By ALI TADAYON
OAKLAND — At least once a month, Oakland Mayor Libby Schaaf takes a desk, some of her staffers and some informational pamphlets to select spots throughout the city to hear people out in their own neighborhoods.
Schaaf started doing her “mobile mayor” routine last June and has since gone to 10 locations, including the Fruitvale Transit Village, West Oakland Health Center and Rockridge BART.
She typically meets with people one-on-one to discuss their concerns and what the city could do about them. She has staffers on hand — sometimes from city departments — who provide people with information, take notes on specific concerns and give contact information for services.
Schaaf, after last weekend’s mobile mayor event at the East Oakland Senior Center, told the Oakland Tribune that the face-to-face interactions are a way to “democratize access” and show Oaklanders she takes their concerns to heart.
“One of the things I miss most about being a council member was office hours, and the level of intimacy you have with the people who you represent,” Schaaf said. “When you’re the mayor, it’s a lot harder to do that because you’ve got the whole city, and then you’re also representing Oakland in the region, state and country, so you know i get pulled in a lot more directions. We came up with this idea to get back to the idea that people should have access to their mayor.”
People typically bring up neighborhood-specific issues at the events, Schaaf said, though not everyone who attends lives in that neighborhood. The two major concerns conveyed at the East Oakland Senior Center session were illegal dumping and homelessness.
About 20 people attended that mobile mayor, which is about average, said Yvonna Cazares, the mayor’s director of community engagement. The sessions typically run about three hours and are posted in advance on the mayor’s social media pages, she said. The locations are based off requests.
Unlike other mobile mayor events, that one was in a classroom-like setting with everybody involved per the request of those attending.
Tina Thomas, who attended, said she felt her voice was heard. She recently joined the advisory council for the senior center and inquired about introducing more safety measures for seniors who attend senior centers throughout the city.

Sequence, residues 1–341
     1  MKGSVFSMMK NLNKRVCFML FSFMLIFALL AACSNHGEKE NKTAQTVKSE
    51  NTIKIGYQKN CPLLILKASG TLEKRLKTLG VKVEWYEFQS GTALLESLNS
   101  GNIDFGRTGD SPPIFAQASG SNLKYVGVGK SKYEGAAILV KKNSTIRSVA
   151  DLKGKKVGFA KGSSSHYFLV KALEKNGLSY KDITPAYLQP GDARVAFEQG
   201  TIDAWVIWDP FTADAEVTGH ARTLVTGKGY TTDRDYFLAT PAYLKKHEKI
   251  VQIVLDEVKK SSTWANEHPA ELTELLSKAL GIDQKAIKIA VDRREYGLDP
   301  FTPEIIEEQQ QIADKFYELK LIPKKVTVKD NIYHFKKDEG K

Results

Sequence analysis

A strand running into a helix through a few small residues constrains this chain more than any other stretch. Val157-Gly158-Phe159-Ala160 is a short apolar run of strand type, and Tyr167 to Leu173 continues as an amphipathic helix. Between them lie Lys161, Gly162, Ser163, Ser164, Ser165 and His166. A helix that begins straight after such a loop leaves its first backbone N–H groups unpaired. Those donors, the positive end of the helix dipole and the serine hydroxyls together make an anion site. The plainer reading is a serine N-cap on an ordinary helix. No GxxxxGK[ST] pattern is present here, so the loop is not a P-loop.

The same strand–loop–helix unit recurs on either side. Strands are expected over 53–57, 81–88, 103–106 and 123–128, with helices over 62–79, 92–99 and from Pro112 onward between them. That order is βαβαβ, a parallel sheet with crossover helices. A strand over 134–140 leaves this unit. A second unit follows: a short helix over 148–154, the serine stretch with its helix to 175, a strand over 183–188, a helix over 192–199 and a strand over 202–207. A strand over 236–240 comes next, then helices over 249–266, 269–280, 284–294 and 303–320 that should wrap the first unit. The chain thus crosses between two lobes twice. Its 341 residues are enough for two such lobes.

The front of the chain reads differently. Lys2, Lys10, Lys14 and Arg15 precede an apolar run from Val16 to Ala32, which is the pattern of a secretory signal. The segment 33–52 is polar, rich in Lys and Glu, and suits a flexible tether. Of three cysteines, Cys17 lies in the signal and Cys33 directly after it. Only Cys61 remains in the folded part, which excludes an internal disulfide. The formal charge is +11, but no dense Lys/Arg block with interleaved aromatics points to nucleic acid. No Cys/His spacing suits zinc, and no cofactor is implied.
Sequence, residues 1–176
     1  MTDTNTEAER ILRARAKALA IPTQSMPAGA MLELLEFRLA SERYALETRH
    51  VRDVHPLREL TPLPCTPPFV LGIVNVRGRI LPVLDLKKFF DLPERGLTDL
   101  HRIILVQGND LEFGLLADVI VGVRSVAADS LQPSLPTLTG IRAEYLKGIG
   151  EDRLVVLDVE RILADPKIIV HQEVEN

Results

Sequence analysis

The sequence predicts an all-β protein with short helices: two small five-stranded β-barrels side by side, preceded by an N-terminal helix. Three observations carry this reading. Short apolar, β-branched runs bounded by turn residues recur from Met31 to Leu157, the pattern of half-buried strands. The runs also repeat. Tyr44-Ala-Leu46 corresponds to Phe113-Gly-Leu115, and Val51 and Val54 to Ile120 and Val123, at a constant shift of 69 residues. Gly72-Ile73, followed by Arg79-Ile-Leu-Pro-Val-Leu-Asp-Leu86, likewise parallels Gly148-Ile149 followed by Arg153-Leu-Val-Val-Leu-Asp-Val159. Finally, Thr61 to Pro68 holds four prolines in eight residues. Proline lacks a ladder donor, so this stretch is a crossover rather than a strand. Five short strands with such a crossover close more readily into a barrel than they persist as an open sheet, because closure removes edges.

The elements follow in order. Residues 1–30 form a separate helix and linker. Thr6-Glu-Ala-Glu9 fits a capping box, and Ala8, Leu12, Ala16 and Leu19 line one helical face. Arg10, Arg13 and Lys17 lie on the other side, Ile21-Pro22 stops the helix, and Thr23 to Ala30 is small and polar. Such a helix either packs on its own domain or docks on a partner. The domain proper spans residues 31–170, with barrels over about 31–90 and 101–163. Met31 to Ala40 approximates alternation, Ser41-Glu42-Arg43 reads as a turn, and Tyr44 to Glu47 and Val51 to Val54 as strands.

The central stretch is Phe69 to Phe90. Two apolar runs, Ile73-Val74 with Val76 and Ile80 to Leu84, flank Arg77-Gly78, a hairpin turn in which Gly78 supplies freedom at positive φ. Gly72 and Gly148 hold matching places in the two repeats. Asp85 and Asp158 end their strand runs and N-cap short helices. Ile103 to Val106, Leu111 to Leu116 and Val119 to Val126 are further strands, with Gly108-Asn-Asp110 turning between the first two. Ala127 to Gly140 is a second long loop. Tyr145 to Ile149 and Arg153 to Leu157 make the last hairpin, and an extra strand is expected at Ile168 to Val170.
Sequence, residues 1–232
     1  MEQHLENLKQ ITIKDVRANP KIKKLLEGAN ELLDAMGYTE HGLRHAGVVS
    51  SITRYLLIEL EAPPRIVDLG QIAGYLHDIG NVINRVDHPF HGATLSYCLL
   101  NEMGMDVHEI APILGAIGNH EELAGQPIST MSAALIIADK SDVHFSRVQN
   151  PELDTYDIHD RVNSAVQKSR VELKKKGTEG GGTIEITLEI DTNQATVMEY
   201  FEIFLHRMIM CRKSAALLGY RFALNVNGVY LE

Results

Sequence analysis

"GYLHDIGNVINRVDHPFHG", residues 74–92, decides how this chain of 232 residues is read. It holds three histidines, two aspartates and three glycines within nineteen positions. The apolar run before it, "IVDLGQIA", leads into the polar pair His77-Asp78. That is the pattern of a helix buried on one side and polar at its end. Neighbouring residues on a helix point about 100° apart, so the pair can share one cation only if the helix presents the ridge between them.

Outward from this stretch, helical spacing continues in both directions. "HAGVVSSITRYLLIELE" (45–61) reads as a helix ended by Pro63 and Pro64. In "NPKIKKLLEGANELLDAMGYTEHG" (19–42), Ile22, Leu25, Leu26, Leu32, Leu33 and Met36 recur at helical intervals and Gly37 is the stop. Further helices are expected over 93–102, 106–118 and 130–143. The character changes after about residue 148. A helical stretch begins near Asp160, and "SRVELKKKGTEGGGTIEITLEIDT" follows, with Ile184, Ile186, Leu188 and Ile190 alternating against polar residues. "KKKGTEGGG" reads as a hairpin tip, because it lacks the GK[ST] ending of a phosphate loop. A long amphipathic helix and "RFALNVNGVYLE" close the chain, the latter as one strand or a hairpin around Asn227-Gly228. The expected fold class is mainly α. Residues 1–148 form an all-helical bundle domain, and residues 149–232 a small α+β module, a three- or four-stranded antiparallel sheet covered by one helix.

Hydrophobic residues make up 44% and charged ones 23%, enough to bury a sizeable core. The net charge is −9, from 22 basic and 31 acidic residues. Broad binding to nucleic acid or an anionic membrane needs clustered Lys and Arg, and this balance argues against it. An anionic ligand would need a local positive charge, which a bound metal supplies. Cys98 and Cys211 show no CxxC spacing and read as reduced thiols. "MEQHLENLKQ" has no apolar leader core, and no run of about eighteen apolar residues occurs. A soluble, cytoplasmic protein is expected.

“It was pretty good. She seems to be amicable and trying to do a good job,” Thomas said of the mayor. “You hear different things, and you need to just come for yourself and do an assessment for yourself. I like where she’s going.”
Community activist Angie Tam said she felt the meeting was informative for those who were not familiar with what Oakland is doing to address illegal dumping. But for people like herself, who are familiar with the city’s programs, much of the information was old news.
The tone of the mobile mayor gatherings are typically calmer than other town hall-type meetings, Cazares said.
“When (Schaaf) is right there talking to folks face to face, only a few feet away, I think people have a sense of comfort that they can actually speak to someone, look them in the eye and get their questions answered,” she said.
At a past mobile mayor in East Oakland at 107th Avenue and MacArthur Boulevard, one man was brought to tears upon meeting Schaaf, Cazares said.
“He was crying because he felt like he had never seen the actual mayor out there,” Cazares said. “I reassured him that we had been out there working with East Oakland partners over 100 times in the last year, but he was so moved by her presence and her willingness to talk with people one-on-one, and that’s why we do this.”
Schaaf said the events give her a “flavor” of each neighborhood in the city.
“The people who come to City Hall, and who come to City Council meetings, it’s often a similar group of people,” Schaaf said. “When you come out to a neighborhood, people who never think to get access to their government sometimes stumble upon you. … That’s a great feeling, because i think people feel like sometimes their government doesn’t care about them, and we do.”
This story was published 2/2/18 for the East Bay Times here.
Upcoming Mobile Mayor meetings
X Feb. 10 From noon to 3 p.m. at the Oakland LGBTQ Community Center, 3207 Lakeshore Ave.
X March 18 From 11 a.m. to 1 p.m. at the Temescal Farmers Market in North Oakland.
April 8 From noon to 3 p.m., Laney College Flea Market
May 19 From noon to 3 p.m., Malcolm X JazzArts Festival at San Antonio Park
June 16 From noon to 3 p.m., Juneteenth Community Picnic at the Arroyo Viejo Recreation Center